ng the hand cards, used for ages past, all this work was painfully manipulated.
In 1770 Lemuel Cox invented a machine for cutting card wires, which machine was preserved by him through his lifetime.
Soon one, John McGlench, unduly got a sight of the same, improved upon it and claimed to be the original inventor.
After the Revolution McGlench was located at the corner of Washington and Bedford streets, and there did business as a card maker.
Others also went into the manufacture.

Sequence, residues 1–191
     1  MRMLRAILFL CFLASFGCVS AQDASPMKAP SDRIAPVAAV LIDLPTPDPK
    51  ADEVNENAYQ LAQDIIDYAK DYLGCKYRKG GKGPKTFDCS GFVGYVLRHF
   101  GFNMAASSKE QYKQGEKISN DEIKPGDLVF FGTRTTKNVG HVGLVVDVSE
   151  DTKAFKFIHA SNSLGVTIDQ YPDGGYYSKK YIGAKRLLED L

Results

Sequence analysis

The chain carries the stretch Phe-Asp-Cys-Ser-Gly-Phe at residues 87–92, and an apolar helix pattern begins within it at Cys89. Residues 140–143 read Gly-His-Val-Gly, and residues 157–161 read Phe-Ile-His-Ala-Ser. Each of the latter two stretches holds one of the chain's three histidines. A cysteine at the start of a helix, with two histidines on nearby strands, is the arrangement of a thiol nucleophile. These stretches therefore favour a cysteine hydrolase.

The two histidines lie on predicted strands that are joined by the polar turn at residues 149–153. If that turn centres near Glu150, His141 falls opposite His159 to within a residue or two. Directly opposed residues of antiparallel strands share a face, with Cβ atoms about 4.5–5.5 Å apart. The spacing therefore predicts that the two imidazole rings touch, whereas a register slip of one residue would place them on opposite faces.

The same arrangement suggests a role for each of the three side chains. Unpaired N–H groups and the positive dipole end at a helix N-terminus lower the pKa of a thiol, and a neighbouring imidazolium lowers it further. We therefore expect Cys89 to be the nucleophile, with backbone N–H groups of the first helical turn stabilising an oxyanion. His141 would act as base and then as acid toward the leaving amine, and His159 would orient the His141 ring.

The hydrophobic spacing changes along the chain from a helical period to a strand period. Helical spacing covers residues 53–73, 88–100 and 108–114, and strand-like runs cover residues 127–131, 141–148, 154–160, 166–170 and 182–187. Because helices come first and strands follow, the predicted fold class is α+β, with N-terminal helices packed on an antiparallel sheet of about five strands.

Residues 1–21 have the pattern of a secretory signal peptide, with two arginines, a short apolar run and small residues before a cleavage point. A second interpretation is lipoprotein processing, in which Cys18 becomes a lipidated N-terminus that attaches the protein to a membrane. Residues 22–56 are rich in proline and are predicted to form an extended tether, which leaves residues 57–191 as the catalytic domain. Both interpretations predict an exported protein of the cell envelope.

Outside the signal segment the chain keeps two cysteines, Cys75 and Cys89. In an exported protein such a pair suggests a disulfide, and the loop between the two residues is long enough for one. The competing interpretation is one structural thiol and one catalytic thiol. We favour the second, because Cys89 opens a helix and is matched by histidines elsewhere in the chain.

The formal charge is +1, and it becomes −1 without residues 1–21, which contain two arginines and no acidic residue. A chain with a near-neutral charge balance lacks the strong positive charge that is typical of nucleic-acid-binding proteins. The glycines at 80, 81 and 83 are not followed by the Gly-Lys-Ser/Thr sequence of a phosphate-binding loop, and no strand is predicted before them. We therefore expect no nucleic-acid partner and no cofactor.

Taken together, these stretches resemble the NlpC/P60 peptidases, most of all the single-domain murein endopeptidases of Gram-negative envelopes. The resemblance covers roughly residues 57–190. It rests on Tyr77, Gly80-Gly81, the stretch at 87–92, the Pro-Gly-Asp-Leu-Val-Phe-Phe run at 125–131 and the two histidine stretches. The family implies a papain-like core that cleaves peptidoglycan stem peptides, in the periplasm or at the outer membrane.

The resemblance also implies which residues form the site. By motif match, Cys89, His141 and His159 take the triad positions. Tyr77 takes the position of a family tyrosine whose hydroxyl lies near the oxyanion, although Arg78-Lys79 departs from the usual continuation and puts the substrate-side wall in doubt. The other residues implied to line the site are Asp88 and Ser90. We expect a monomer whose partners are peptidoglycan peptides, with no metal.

Giles Richards & Co., wool and cotton card manufacturers, were located at 2 Hanover street in 1789.
By this invention of Cox at that early date, many thousands of pounds were saved to the Commonwealth by putting a stop to the importation of wool and cotton cards from Europe.
It was probably at about this time while experimenting with wire for cards that Cox was the first to produce in the state of Massachusetts wire for fish hooks, and instructed others in the first drawing of steel wire from ha